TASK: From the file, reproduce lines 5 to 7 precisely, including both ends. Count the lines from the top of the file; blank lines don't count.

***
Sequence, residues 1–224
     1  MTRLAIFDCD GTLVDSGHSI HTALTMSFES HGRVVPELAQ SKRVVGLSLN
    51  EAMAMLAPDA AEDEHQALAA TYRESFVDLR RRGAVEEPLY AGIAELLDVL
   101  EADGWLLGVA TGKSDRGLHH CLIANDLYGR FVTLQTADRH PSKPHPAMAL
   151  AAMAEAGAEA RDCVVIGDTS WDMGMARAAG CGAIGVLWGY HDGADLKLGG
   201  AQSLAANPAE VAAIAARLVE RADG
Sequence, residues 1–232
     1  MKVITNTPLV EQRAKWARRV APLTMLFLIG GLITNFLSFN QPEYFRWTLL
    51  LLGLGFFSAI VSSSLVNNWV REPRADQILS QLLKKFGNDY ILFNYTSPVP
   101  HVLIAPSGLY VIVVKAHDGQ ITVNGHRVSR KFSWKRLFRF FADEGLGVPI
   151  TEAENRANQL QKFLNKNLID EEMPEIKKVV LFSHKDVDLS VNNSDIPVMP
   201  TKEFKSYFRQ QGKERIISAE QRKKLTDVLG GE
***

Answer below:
   151  AAMAEAGAEA RDCVVIGDTS WDMGMARAAG CGAIGVLWGY HDGADLKLGG
   201  AQSLAANPAE VAAIAARLVE RADG
Sequence, residues 1–232